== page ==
A call to your candidates’ referees can help you determine whether they’ll survive and thrive within your organisation. But according to cultural change expert, Sandra Wood, from Great Managers, you have to know what you’re looking – and listening – for.
By following the traditional approach and leaving reference checks to the last stage of the recruitment process – or, worse, not doing them all – recruiters could be missing out on a valuable opportunity to make smarter, more informed hiring decisions.
An independent survey commissioned by Robert Half showed that two-thirds (66%) of Australian CFOs and finance directors have misjudged a job candidate’s fit with the company culture at least once, and 75% of companies have lost team members due to poor cultural fit.
“Most people spend the majority of their recruitment time focusing on skills, qualifications and experience, but cultural fit is the main reason people don’t work out in an organisation,” says Sandra Wood, founder and Managing Director of Great Managers.
“A professional services firm I used to work with initially wanted the best and the brightest candidates, so when we were recruiting, we’d look for high IQ levels, how they’ve performed at uni, their exam results and things like that.
“But what we learned very quickly was that while we wanted smart people, the people with the highest IQs who’d done the best at uni were often very reserved and not particularly social, and our firm was very social, so they weren’t going to fit in.”
Understand your company culture
The first step to better reference checking is identifying what cultural fit means for your organisation.
“One of the best ways to find out what cultural fit is, is through experience with what it isn’t. What did former employees bring that didn’t work out? What didn’t fit in?”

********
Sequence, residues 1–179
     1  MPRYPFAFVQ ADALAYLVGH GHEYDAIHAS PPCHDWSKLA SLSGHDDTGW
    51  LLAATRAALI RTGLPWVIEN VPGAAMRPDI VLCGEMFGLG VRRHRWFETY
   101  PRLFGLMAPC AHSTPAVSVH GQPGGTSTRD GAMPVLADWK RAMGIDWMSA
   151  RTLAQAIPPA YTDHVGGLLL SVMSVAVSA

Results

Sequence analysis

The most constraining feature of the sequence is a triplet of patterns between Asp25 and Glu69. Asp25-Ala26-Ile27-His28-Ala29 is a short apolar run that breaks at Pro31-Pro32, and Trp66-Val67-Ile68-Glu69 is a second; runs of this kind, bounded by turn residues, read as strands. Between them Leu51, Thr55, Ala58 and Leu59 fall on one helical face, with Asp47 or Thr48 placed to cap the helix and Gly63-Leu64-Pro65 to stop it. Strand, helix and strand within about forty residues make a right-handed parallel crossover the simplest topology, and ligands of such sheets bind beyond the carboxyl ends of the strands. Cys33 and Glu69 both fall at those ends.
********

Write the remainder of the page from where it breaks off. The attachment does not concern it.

Reference check sooner, rather than later
Once you’ve established what you’re looking for, turn your timing on its head and start conducting reference checks earlier and more often.
“A really big thing people do wrong is approach the reference check as a ‘box ticker’ – they’re basically looking to confirm their decision to hire rather than using it as a really important part of the assessment process,” Wood says.
“A much more contemporary approach to recruitment is letting candidates know you’ll be reference checking more than one candidate, so we often recommend that reference checking happens before second interview.”
Understand the role and ask the right questions
A hesitation or rising inflection in a referee’s answer over the phone can say so much. For example, if a referee reluctantly says they’d re-hire an applicant, their lack of enthusiasm could be a big red flag.
But hesitation doesn’t necessarily have to be a deal-breaker, since every company is different. Just because the candidate wasn’t a good cultural fit at their previous place of employment, doesn’t mean they won’t be right for yours. Wood says hiring for cultural fit is about asking questions related to what you’ve decided your culture is – or isn’t – and how the referee has seen the candidate demonstrate these qualities.
Good questions to ask to find a good cultural fit include:
- Can you tell me about a time when you’ve seen them ‘go the extra mile’?
- What sets this candidate apart from people who you worked with in similar roles?
- On a scale of nought to 10, how would you rate their teamwork? Tell me about the team, what the candidate worked on and how they contributed to that team. How well did they fit in?
- How would you describe their attitude at work?
- How would you describe their desire to perform in the role?
- How do you think former co-workers would describe the candidate?
- Tell me about the candidate’s communications skills – not just how well they spoke to others, but their capacity to listen as well.
- Tell me how the candidate responded to feedback or stressful situations?
- Why should I hire this candidate? Would you rehire the candidate?
“A reference check alone won’t give you all the answers to all your questions, as it needs to be considered in alignment with the entire application process, for example, the interview data, psychometric testing and so on,” Wood says. “You look at all of those data sets together before you make your decision.”